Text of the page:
So then, brethren, stand firm and hold to the traditions which you were taught by us, either by word of mouth or by letter (2 Thess. 2:15). Guard what has been entrusted to you. Avoid the godless chatter and contradictions of what is falsely called knowledge, for by professing it some have missed the mark as regards faith (1 Tim. 6:21-22).

Monday, May 11, 2015

Take the money and run. Michael Coren's odd witness.

Given additional revelations of late, it is a little easier—a lot easier actually—to understand why so many in the Canadian blogosphere and elsewhere have posted some (very) hard hitting pieces about Mr. Coren's behaviour.

Mr. Coren stated that he "felt a hypocrite" (National Post/May 1/15), so he bailed from the Church. A lot of Catholics are rightly upset and angry that Mr. Coren, whilst darkening the corridors of a local Anglican parish for the past year or so, continued to draw an income from speaking and writing engagements for Catholic groups. Groups that employed him, no doubt, assuming he was (still) Catholic.

Non-Catholic working for a Catholic institution—say what?!

Why are people getting so bent out of shape by the fact that a non-practicing Catholic has been working for Catholic organizations? Many non-Catholics and Catholics-in-name-only work successfully as teachers in Catholic schools (Re-read the preceding sentences with just a hint of derision.). A generation of milquetoast Catholic and—no offence intended—pagan teachers has produced a lot of lukewarm witnesses. But, I digress.

(Coren) has taken the money of the Interim, Catholic Insight, The Catholic Register, Legatus, the Toronto Traditional Mass Society, Una Voce Hamilton... whilst not believing what he was saying.
Must be nice to play both sides of the tracks. Taking $$ from Catholic World Report, Catholic Diocese of Calgary... at the same time writing puff pieces about Shaun Proulx.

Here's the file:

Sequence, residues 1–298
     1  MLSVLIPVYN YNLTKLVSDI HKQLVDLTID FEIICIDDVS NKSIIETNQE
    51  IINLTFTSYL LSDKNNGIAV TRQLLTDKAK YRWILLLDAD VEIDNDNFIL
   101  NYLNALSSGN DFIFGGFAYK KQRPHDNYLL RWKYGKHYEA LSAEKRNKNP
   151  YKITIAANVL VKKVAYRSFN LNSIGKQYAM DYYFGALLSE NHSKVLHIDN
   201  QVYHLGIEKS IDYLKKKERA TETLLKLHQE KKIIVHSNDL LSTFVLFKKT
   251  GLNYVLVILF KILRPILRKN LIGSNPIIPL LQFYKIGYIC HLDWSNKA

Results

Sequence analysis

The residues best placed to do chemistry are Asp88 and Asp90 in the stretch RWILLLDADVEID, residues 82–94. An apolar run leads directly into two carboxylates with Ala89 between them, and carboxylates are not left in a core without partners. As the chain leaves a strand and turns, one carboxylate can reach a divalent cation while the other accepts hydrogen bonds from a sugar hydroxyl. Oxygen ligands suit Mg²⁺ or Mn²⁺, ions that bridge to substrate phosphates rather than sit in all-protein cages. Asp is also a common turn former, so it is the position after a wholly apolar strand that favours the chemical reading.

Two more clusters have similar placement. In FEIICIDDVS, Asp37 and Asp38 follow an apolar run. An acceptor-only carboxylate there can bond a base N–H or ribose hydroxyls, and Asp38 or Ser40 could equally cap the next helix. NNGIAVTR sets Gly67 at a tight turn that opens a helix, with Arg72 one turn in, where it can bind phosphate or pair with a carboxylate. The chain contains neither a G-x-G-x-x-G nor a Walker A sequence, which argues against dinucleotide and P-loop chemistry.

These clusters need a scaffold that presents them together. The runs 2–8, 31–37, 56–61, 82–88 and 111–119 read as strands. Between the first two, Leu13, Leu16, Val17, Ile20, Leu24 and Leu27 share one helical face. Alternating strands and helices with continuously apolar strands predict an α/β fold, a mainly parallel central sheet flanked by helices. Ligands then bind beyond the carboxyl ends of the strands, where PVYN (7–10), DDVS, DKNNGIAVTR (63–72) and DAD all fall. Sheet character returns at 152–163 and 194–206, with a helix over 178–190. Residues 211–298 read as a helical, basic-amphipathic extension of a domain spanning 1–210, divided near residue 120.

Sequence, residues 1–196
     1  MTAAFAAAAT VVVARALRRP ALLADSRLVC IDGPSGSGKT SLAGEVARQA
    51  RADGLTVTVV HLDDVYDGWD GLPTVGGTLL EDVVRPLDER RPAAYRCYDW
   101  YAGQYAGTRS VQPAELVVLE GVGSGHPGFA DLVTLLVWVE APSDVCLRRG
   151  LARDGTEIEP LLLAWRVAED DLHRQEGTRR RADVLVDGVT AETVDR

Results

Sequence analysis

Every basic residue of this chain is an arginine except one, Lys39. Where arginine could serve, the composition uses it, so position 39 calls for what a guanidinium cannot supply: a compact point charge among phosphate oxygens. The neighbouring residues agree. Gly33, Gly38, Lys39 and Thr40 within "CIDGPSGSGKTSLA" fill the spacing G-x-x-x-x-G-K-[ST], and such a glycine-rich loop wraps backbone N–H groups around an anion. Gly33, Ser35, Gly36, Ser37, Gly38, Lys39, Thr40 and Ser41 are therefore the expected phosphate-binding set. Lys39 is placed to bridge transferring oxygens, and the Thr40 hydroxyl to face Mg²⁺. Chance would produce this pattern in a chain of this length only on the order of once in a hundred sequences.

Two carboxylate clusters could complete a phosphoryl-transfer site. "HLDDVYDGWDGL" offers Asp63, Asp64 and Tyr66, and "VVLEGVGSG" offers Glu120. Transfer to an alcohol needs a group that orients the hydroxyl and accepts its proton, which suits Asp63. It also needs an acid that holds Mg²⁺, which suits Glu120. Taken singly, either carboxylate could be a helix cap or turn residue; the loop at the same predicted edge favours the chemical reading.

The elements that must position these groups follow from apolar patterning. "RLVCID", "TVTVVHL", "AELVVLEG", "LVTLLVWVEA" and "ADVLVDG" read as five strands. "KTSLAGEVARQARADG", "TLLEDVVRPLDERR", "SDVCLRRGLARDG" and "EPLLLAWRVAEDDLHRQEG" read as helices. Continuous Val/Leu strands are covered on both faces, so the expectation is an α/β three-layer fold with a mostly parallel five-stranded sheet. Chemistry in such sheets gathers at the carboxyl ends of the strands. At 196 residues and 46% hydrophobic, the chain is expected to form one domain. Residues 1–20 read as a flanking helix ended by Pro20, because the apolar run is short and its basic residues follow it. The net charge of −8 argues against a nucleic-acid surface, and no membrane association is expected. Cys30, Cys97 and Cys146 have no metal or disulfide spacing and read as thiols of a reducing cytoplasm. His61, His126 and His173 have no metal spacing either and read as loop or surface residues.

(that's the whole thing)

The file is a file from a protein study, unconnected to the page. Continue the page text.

“Everybody” included the editors at The Catholic Register, Catholic World Report and The Interim. None of them had been told by Coren that he had ceased to consider himself a Roman Catholic. They assumed, as they continued to publish his columns, that he was still a Roman Catholic. In these tolerant days, dissent on “the pelvic issues” is not considered a formal act of schism. Coren had continued to describe himself as “orthodox” and “a Catholic.”
Karl Keating at Catholic Answers
I think a man ought to be whatever he says he is. If he is a bus driver, he shouldn’t hold himself out to be a race car driver. If he has a fat bank account, he shouldn’t hold himself out to be poor. And if he’s something other than a Catholic, he shouldn’t hold himself out to be a Catholic. To claim to be a Catholic when you’re not is to lie. When you lie, you aren’t true to your listeners, to your readers, or to yourself. ... .
I don’t know Michael Coren and haven’t followed his career, but I think I’m safe in saying that it no longer will be a Catholic career.
He no longer will write for the National Catholic Register or Catholic World Report, and EWTN won’t go ahead with a scheduled interview of him. He will be persona non grata at websites where he once was persona grata. He no longer will be praised by beleaguered Catholics for speaking or writing in defense of the faith.